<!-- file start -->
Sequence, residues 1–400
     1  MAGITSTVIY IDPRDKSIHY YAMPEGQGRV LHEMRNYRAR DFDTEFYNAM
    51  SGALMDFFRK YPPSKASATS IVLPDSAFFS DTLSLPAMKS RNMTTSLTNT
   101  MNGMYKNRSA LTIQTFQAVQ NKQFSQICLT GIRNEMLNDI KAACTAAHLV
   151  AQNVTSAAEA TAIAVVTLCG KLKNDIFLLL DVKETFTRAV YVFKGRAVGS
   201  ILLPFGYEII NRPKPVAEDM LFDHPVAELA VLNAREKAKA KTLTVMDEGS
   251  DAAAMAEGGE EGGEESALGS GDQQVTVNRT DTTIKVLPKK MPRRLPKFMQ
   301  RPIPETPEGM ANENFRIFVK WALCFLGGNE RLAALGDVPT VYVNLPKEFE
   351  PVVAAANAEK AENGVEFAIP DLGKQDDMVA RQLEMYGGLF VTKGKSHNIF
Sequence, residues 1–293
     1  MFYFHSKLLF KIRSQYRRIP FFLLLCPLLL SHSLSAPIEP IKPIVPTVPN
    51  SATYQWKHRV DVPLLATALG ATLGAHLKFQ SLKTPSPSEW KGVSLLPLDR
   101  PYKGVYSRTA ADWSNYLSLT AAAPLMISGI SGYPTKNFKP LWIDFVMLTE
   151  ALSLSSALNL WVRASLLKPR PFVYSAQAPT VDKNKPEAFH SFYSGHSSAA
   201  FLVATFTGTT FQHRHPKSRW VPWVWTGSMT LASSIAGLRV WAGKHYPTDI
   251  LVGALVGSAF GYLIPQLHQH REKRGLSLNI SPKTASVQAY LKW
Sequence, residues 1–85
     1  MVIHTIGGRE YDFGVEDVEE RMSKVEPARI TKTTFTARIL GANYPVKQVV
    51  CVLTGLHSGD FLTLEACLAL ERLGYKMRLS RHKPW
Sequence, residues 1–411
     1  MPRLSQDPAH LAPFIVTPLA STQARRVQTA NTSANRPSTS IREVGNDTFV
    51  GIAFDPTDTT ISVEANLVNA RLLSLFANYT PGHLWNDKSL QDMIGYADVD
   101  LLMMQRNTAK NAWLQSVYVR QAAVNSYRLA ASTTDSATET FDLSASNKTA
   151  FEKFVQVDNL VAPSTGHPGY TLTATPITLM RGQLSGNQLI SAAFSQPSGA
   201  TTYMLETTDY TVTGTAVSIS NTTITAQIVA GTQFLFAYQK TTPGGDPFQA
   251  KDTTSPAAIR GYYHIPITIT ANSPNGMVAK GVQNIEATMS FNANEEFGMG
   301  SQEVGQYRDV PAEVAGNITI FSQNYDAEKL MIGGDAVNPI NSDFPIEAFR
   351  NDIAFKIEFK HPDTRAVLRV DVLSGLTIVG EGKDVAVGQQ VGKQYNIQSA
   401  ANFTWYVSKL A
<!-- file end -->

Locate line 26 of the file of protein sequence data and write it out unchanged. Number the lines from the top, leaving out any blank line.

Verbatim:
   251  KDTTSPAAIR GYYHIPITIT ANSPNGMVAK GVQNIEATMS FNANEEFGMG